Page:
by Phoenix Anthony, Office Manager

Prior to the construction of Highway 267 in the 1800’s, Middle Martis Creek actively migrated among several channels in Martis Valley. When Highway 267 was constructed, the creek was confined to a single channel on the south side of the highway. The confinement of Middle Martis Creek to a single channel caused several
significant problems including:

  • Channel instability, erosion, and head-cutting in the streams and meadows of the Martis Wildlife Area;
  • Degradation of 40-plus acres of meadow and wetland habitat;
  • Moderate flows (vs. flood flows) overtopping the stream channel and flowing onto Highway 267 and eroding Sawmill Flat Road.

The Truckee River Watershed Council, along with several partners and foundations, is taking part in restoring Middle Martis Creek. The Middle Martis Restoration project will restore an appropriate portion of the flow to the north side of Highway 267, while maintaining sufficient flow on the south side to support existing wetlands and riparian areas.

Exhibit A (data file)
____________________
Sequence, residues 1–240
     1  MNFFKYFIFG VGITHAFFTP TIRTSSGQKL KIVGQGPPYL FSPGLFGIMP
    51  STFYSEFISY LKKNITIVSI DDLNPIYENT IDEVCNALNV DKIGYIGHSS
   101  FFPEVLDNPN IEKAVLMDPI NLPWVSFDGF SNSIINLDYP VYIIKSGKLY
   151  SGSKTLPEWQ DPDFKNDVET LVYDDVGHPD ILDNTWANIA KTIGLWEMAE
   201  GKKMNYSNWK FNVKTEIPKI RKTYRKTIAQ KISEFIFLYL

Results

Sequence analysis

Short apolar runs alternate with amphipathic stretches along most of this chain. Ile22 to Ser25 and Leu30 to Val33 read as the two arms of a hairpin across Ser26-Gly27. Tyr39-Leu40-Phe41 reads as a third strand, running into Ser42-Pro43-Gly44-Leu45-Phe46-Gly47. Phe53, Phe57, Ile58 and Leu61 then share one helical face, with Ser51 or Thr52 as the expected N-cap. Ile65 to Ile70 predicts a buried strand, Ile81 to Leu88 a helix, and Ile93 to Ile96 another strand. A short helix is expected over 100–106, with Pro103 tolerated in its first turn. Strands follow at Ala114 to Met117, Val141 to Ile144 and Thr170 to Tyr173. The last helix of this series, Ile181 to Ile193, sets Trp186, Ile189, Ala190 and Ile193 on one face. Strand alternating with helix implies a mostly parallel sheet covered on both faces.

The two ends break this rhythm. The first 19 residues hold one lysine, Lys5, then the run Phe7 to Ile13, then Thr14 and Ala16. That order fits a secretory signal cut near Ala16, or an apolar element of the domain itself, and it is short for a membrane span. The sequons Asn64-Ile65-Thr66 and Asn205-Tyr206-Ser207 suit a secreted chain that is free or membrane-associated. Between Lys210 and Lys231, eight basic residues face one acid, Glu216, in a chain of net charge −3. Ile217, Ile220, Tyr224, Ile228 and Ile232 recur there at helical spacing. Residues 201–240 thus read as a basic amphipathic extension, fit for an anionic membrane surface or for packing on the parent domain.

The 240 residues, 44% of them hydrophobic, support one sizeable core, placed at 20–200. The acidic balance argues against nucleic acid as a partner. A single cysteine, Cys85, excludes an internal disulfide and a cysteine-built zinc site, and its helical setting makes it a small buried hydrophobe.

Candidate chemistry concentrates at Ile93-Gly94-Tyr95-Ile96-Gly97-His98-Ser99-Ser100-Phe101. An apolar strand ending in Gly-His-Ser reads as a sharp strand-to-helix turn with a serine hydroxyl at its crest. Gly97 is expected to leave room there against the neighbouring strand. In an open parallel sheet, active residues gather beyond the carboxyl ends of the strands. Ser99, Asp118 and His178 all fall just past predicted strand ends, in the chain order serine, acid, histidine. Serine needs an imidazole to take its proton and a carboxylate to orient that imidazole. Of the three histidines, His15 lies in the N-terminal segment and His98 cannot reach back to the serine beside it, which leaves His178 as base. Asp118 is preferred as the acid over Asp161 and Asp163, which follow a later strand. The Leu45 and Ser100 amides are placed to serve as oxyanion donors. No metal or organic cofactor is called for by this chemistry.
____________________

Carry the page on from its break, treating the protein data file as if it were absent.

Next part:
Implementation of the project will be split into two seasons, beginning in 2014. When completed, the project will achieve significant watershed benefits including:

  • Restoration of historic wetlands on the north side of Highway 267;
  • Improvement in water quality through reduction of excessive sedimentation;
  • Preservation of existing wetlands and riparian areas on south side of Highway 267;
  • Elimination of erosion across the Waddle Ranch access road;
  • Protection of existing infrastructure and reducing maintenance of Highway 267, Sawmill Flat Road, and the Northstar golf course.

The Watershed Council is the lead in coordinating the project and the partners. Project partners are Caltrans, Northstar at Tahoe, Northstar Community Services District, Truckee Donner Land Trust, Truckee Tahoe Airport District , and the U.S. Army Corps of Engineers.

Thank you to our generous funders! Funding for this project comes from the donors of the Truckee River Watershed Council, the Martis Fund, the Truckee River Fund, Placer County, and the State of California.

Photo: Fill was placed in the channel during reservoir construction, causing downstream erosion. The fill will be removed during restoration to prevent future erosion from occuring. Credit: Beth Christman.